Seventh-day Adventists understood, and today understand, Mrs. White's ministry as the “messenger of the Lord” to be in fulfillment of the prophecy of (Revelation 12:17 and 19:10), that the remnant church “which keep the commandments of God” was to “have the testimony of Jesus”—“the spirit of prophecy.” They see in her work the gift of prophecy of which Paul speaks in (Ephesians 4:9-13) placed with other gifts in the church “for the perfecting of the saints” and “the edifying of the body of Christ: till we all come in the unity of the faith.” 1TT 17.2

The revelations given to her through her long life were in harmony with God's appointed means declared to Israel: “If there be a prophet among you, I the Lord will make Myself known unto him in a vision, and will speak unto him in a dream.” Numbers 12:6. In character her work was much like that of the leader of Israel of old, of whom it is recorded in (Hosea 12:13): “By a prophet the Lord brought Israel out of Egypt, and by a prophet was he preserved.” 1TT 17.3

Mrs. White was known by her neighbors and friends as an earnest, godly, Christian woman. For an appraisal of her life and work as it was known by those about her, we turn to the American Biographical History and find its editor in 1878 stating: 1TT 17.4

“Mrs. White is a woman of singularly well-balanced mental organization. Benevolence, spirituality, conscientiousness, and ideality are the predominating traits. Her personal qualities are such as to win for her the warmest friendship of all with whom she comes in contact, and to inspire them with the utmost confidence in her sincerity. ... Notwithstanding her many years of public labor, she has retained all the simplicity and honesty which characterized her early life. 1TT 17.5

“As a speaker, Mrs. White is one of the most successful of the few ladies who have become noteworthy as lecturers, in this country, during the last twenty years. Constant use has so strengthened her vocal organs as to give her voice rare depth and power. Her clearness and strength of articulation are so great that, when speaking in the open air, she has frequently been distinctly heard at the distance of a mile. Her language, though simple, is always forcible and elegant. When inspired with her subject, she is often marvelously eloquent, holding the largest audiences spellbound for hours without a sign of impatience or weariness. 1TT 18.1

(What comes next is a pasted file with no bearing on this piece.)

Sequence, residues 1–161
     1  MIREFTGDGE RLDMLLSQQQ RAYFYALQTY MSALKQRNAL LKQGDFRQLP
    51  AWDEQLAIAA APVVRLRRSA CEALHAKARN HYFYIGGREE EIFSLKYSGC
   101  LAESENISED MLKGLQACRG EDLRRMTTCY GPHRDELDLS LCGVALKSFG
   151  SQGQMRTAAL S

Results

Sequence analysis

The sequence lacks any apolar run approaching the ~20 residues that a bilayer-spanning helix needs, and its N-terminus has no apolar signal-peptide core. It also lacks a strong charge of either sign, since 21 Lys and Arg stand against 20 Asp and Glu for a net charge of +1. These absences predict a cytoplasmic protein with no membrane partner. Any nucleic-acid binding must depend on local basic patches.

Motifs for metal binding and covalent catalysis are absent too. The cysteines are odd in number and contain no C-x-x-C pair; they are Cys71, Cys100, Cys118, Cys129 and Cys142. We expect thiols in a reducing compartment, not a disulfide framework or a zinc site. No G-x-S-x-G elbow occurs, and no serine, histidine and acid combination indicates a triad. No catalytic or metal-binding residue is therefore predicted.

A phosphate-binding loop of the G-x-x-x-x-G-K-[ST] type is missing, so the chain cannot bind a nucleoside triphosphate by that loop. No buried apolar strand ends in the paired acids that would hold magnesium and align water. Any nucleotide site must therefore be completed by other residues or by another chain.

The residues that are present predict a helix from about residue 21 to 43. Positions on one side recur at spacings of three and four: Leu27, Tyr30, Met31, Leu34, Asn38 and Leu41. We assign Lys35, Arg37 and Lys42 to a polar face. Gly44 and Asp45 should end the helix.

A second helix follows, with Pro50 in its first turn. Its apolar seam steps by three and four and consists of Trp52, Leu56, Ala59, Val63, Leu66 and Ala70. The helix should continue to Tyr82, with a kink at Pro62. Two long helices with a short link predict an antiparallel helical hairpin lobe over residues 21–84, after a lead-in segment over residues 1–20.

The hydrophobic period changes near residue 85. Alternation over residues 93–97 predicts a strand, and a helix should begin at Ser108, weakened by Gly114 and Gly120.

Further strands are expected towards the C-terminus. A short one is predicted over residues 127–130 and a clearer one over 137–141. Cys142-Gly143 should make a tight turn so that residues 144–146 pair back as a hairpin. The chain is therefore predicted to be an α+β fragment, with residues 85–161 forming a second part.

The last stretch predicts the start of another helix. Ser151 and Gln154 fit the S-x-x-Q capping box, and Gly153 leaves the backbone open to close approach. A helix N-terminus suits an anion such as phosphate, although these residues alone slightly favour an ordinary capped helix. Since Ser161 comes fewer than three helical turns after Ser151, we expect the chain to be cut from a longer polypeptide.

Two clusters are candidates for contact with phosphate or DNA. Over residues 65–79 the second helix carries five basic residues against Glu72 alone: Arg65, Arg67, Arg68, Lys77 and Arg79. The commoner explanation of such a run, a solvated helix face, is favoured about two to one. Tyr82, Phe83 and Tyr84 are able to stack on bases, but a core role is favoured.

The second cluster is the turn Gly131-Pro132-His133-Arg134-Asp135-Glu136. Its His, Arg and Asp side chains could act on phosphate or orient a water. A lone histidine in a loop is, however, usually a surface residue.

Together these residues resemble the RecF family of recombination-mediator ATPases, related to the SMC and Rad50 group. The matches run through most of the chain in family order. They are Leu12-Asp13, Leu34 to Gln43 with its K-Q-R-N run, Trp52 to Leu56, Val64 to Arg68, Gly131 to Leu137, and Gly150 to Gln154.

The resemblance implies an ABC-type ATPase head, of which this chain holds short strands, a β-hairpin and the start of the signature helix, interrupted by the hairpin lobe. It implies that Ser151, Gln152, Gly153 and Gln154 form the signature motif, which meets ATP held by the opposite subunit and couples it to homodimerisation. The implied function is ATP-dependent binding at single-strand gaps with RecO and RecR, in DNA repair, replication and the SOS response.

“The subject matter of her discourses is always of a practical character, bearing chiefly on fireside duties, the religious education of children, temperance, and kindred topics. On revival occasions she is always the most effective speaker. She has frequently spoken to immense audiences, in the large cities, on her favorite themes, and has always been received with great favor. On one occasion, in Massachusetts, twenty thousand persons listened to her, with close attention, for more than an hour. 1TT 18.2

“Mrs. White is the author of numerous works which have had a wide circulation. Her writings are characterized by the same simplicity and practical nature which are conspicuous in her speaking. They enter into the home life of the family circle in a manner which rivets the attention of the candid reader, and cannot fail to instruct in the solemn duties of practical life.”—American Biographical History of Eminent and Self-Made Men of the State of Michigan (Third Congressional District), page 108. 1TT 18.3

By her fellow workers, the church, and the members of her family, Mrs. White was esteemed and honored as a devoted mother and as an earnest, generous, tireless religious worker. She never held official church office. Never did she ask others to look to her, nor did she ever use her gift to build herself financially or in popularity. Her life and all that she had was dedicated to the cause of God. 1TT 18.4

On her death the editor of a popular weekly magazine closed his comments on her fruitful life with these words: “She was absolutely honest in her belief in her revelations. Her life was worthy of them. She showed no spiritual pride, and she sought no filthy lucre. She lived the life and did the work of a worthy prophetess.”—The Independent, August 23, 1915. 1TT 19.1

For a more detailed account of Mrs. White's life and work the reader is directed to The Christian Experience and Teachings of Ellen G. White. 1TT 19.2

The Trustees of the Ellen G. White Publications.